- Please ask your friends and work colleagues to sign our public statement: http://www.equalexchange.coop/fair-trade-campaign. They may sign as organizations and/or individuals.
- Please continue to educate yourselves and others about the issues brewing in the Fair Trade world. For more information on Equal Exchange’s perspective on the differences between Authentic Fair Trade and what Fair Trade USA is doing, please read Rink Dickinson’s views here: http://smallfarmersbigchange.coop/2011/10/23/4269/. For a producer point of view, please read this: http://smallfarmersbigchange.coop/2011/12/15/mexican-small-farmer-fair-trade-producers-speak-out-we-can-only-move-forward-with-authentic-fair-trade/.
We remain engaged with small farmers and with the international Fair Trade system. We will keep you posted on events as they unfold. As always, thanks for your loyal support, your commitment, and for putting your values into action.
If you have any questions, please call Phyllis Robinson, Education & Campaigns Manager at Equal Exchange, at 774-776-7390.
2 thoughts on “Fair Trade in jeopardy”
Dear Patty and Leigh Ann,
I just received the April edition of Traditional magazine and was shocked to read about a prominent “green” interior designer who renovated a summer home and used toxic fabrics! She had the perfect opportunity to talk about using natural fiber as an outdoor fabric and she chooses Sunbrella! The other products that were mentioned that make no claims to be eco-friendly are Brunschwig & Fils and furniture by McGuire. Where are the “great” designers that can create beautiful environments using “truly green” products?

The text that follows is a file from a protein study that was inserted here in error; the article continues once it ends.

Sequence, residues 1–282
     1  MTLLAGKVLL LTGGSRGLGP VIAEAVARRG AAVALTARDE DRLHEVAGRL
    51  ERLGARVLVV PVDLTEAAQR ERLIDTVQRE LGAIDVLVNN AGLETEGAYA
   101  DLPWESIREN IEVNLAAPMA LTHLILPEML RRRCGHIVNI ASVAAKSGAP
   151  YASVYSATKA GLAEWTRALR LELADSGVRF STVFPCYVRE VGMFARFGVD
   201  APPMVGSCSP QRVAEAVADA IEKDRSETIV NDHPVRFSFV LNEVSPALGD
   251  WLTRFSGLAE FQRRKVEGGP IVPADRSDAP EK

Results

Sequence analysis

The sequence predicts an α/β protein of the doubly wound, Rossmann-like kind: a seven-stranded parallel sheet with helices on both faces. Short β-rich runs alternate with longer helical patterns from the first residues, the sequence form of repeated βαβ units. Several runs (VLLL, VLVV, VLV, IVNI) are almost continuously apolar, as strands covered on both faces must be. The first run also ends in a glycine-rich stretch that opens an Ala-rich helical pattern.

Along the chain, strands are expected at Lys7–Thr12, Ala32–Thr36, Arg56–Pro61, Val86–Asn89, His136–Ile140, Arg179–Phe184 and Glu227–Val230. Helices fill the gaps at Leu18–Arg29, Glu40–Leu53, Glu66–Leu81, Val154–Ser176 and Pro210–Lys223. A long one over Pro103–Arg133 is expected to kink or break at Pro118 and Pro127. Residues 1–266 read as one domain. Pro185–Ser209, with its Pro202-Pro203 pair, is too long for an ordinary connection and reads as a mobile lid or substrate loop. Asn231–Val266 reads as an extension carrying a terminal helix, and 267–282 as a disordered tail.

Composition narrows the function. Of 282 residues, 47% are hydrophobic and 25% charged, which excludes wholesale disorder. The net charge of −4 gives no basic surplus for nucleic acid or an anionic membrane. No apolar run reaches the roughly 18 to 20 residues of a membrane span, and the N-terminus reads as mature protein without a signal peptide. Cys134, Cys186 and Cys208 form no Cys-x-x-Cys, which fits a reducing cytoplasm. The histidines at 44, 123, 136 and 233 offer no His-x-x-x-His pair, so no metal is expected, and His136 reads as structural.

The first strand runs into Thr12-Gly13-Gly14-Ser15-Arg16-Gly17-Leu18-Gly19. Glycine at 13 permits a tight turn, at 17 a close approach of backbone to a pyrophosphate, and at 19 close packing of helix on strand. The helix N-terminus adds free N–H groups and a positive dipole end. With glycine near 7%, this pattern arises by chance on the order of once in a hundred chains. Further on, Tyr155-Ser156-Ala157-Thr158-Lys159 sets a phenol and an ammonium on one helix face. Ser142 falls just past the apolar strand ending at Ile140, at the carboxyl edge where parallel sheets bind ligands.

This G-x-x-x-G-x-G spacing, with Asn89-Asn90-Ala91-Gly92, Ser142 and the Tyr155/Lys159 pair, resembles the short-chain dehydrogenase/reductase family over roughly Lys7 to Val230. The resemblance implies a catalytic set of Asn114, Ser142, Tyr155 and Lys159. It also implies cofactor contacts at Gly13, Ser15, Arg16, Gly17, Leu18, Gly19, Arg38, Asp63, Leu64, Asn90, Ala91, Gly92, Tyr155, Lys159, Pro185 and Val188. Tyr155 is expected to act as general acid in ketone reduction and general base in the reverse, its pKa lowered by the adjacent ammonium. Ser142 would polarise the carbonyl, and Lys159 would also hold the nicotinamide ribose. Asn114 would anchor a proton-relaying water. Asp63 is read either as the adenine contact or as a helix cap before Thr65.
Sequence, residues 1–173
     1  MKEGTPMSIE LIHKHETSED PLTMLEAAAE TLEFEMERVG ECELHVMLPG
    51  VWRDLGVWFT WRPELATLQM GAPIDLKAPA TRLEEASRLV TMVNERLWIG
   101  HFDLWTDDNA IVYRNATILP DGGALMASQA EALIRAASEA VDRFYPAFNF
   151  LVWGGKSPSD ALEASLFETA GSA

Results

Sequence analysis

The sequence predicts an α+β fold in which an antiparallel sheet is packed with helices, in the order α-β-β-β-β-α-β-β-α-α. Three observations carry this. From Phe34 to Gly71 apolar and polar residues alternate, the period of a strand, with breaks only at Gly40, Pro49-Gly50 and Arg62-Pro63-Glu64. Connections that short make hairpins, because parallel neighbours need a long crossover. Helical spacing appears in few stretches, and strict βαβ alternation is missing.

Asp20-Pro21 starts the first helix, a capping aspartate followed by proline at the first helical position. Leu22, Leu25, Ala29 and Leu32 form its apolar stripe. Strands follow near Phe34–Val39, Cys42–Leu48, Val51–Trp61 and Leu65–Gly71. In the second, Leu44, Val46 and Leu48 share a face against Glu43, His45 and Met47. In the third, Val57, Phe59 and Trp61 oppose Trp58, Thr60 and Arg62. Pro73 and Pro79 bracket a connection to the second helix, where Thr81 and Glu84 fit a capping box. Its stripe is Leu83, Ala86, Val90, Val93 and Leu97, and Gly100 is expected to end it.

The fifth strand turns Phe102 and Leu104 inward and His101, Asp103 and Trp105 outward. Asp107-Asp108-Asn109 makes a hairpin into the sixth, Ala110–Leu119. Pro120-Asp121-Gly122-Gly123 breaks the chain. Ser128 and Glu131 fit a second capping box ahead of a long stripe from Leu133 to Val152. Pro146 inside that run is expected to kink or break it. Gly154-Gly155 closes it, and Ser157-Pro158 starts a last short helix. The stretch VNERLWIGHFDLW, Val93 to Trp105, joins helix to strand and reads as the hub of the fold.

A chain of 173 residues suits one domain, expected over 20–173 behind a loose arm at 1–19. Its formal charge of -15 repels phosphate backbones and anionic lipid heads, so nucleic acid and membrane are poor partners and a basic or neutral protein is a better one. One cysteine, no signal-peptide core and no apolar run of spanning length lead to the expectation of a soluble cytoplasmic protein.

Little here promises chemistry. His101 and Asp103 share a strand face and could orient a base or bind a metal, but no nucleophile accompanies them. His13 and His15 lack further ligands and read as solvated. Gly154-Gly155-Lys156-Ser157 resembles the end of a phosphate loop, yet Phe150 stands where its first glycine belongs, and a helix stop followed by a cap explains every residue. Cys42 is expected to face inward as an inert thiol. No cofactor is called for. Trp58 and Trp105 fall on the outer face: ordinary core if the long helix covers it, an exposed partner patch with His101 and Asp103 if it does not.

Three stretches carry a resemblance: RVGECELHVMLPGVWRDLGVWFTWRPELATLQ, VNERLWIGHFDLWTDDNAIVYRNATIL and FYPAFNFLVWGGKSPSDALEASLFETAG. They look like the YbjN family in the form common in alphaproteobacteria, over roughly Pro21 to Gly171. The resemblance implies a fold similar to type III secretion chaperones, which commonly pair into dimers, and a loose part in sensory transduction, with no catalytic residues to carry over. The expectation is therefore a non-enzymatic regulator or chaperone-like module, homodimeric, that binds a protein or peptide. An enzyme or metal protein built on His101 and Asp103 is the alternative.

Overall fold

Each month, I look forward to getting my subscribed magazines and learning about the latest in “green” designs. However, the highlighted products are always the same and many are not “truly” eco-friendly. It doesn’t take much effort to use low VOC paints or energy efficient appliances. Anybody can do that. I would love to see more designers use “truly green” fabrics and furniture for their projects. If a designer advocates “green” design then he or she should take more time to research the companies that are eco-friendly.
I believe designers have a responsibility to educate their clients about the dangers of toxic materials. A company that is “truly” environmentally friendly will make it known on their website. There is no excuse for using toxic materials when beautiful and natural materials are available. It’s been proven that the toxins in our environment are making us sick. People just need to care.
Thank you Patty and Leigh Ann for caring and producing luxurious and healthy fabrics!
Thanks Brenda. I agree with you that people need to learn what they’re actually buying, and second, think about what that choice means. That means they need to care enough to do the research. But today’s world leaves little room for that kind of product research. Which makes it especially sad when a person, who is in a position as advisor to others who depend on them for their thoughtful choices, doesn’t care enough to do the research.